131Potential Problems• Case Study-1: XYZ tablets, the initial formulation was submitted to theAgency, though it was bioequivalent and manufacturable at an exhibit batchscale, it was not manufacturable at full scale due to the poor selection of thefiller used erratic flow and high variability in tablet weight. The applicantchanged to a different grade of excipient, which by virtue of having better flowcharacteristics reduced the variability in tablet weight during commercialproduction.• This required an additional review cycle to evaluate and delayed approval byseveral months. (This certainly would have been averted had the sponsorcarefully considered the material properties (e.g. flow properties) of thisexcipient during development.)• Though the above resolved the weight variability, another problem arose dueto the change in excipient tablet chipping during shipping (Because thesponsor had constraints on its CPP, compression pressure, due to toolingdesign). Outcome: Product WithdrawalLesson learned: Need better understanding not just for material attributes,and process parameters, but also potential interactions.
132Begin with the End in MindPharmaceuticalDevelopmentExhibit batchCommercialDevelopment Studies- Prior Knowledge- Product Understanding- Process Understanding- Risk Management- PAT?DesignSpaceManufacturingExperienceEnhancedunderstanding(product/process)Continual ImprovementRegulatory FlexibilityChanges within Design SpaceContinuous Process Verification
133Process Development• Selection of a process is dependent on– CQA – How is the CQA affected by the equipment and input materials?– Input Materials – Is there source variability? (i.e., purity, multiple vendorsusing different processes, etc)– Equipment – Is there an equipment specific attribute that could affect theproduct? (shear rate (mixing), heat transfer, mechanical motion leads toattrition)– Stability of the product – Can product stability be affected by the processchosen? (heat labile, moisture sensitive products, polymorphic transistion,etc)– Common cause vs special cause variation
134Process Development (continued)• No one size fits all– Just because you are developing a similar process to one you’ve donebefore, does not mean you’ll have the same CPP to CQA relationship.• In some cases it may be possible to manufacture the product usingdifferent manufacturing processes.– Do any of the potential processes have an added benefit to the desiredproduct? (i.e., better impurity profile, control of polymorphism, etc)• More complex processes are dependent on the specialized form ortechnology platform that offers specific advantages to patient thatcannot be possible by conventional manufacturing processes.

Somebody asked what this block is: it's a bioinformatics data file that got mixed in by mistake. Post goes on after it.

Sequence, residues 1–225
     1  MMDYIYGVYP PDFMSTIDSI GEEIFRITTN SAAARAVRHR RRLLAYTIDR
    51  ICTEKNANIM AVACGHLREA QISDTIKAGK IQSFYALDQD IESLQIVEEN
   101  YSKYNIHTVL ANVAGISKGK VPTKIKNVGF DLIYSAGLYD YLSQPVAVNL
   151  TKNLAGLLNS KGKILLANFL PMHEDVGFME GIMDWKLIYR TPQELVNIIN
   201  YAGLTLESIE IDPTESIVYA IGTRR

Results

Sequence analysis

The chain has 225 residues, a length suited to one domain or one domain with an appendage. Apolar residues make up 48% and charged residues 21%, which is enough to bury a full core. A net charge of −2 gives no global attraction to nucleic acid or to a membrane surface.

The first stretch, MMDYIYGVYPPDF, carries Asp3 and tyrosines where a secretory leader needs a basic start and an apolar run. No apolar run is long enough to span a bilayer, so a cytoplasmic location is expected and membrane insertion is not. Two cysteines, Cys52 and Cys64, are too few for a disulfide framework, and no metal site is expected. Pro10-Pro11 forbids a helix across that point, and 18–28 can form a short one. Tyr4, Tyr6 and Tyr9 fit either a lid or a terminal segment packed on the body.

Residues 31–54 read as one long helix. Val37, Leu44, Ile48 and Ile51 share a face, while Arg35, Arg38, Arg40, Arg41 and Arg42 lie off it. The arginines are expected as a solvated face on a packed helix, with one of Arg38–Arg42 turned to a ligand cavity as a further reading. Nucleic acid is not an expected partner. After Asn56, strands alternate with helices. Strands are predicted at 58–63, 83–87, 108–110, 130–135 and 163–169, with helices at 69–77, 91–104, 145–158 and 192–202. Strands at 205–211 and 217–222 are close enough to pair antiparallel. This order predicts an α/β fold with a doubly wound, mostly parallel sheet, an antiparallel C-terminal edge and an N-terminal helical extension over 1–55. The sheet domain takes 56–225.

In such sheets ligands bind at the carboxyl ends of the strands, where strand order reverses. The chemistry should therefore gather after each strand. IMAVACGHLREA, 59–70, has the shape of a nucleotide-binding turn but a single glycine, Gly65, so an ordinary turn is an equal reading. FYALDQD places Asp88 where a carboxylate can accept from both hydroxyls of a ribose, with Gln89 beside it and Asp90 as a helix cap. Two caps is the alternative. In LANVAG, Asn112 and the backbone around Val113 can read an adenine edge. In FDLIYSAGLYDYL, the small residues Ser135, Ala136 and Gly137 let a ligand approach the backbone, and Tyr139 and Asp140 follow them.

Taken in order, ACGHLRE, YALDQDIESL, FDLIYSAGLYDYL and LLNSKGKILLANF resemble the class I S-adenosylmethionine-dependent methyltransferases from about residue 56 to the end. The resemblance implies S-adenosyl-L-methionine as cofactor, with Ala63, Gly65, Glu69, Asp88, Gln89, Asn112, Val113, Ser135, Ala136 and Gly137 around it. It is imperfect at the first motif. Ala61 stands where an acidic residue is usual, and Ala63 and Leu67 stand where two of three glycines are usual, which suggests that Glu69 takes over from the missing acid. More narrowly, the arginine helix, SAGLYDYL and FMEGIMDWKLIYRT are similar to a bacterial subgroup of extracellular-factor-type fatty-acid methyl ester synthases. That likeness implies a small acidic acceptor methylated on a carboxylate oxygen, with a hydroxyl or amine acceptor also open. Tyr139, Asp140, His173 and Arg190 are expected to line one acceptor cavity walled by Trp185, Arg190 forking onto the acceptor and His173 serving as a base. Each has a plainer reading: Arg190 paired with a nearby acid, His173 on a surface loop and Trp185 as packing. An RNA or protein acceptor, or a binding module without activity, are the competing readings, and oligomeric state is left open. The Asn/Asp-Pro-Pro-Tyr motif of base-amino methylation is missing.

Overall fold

135Control your inputsto reduce variatione.g., CMAsProcess parameters blendthe inputs to produceoutputs e.g., CPPsMeasurePerformancee.g., CQAsInputs PharmaceuticalUnit Operation-Process ParametersOutputsCQAs = f (CPP1, CPP2 , CPP3 …CMA1, CMA2, CMA3…)Establish ranges forCMAsEstablish ranges forCPPsControl StrategyUnderstanding the Relationshipbetween CMAs, CPPs, and CQAs
136Steps for Process Understanding1. Identify all possible material attributes and process parameters thatcould impact the performance of the process2. Use risk assessment and scientific knowledge to identify potentiallyhigh risk attributes and/or parameters3. Determine levels or ranges of these variables to be investigated4. Design experiments, using DOE when appropriate5. Conduct actual experiments6. Analyze experimental data to determine if an input material attributeor process parameter is critical.– A material attribute or process parameter is critical when arealistic change in that material attribute or process parametercan significantly impact the quality of the output materials.7. Establish the control strategy– For critical material attributes or process parameters, defineacceptable ranges. For non critical attributes, the acceptablerange is the range investigated.
137Process Map - Example QbD MRStep 1Who and how?
138Quality Risk Management – ICH Q9“Quality risk management isa systematic process for theassessment, control,communication and reviewof risks to the quality of thedrug (medicinal) productacross the productlifecycle.”PDControl StrategyContinual ImprovementStep 2
139Principles of Quality Risk ManagementTwo primary principles of quality risk managementare:• The evaluation of the risk to quality should bebased on scientific knowledge and ultimately linkto the protection of the patient; and• The level of effort, formality and documentationof the quality risk management process shouldbe commensurate with the levels of risk.
140Risk assessment in manufacturing versus developmentRisk assessment in cGMPmanufacturingRisk assessment in product and processdevelopmentStatus: Established procedureRisk scenario:deviation from pre-defined rangeObjectives:identify root cause and suggestcorrective and preventive actionsCharacteristics:• Mainly reactive, some proactive• Backwards to upper stream operation• Narrow scope• PreventiveStatus: Uncertainty, undefined rangeRisk scenario:potential impact on CQAsObjectives:identify high risk variables anddetermine future actionsCharacteristics:• Mainly proactive, some reactive• Forwards to down stream operation• Leverage of knowledge, can besubjective• Broad scope• Focus on prioritization• Informative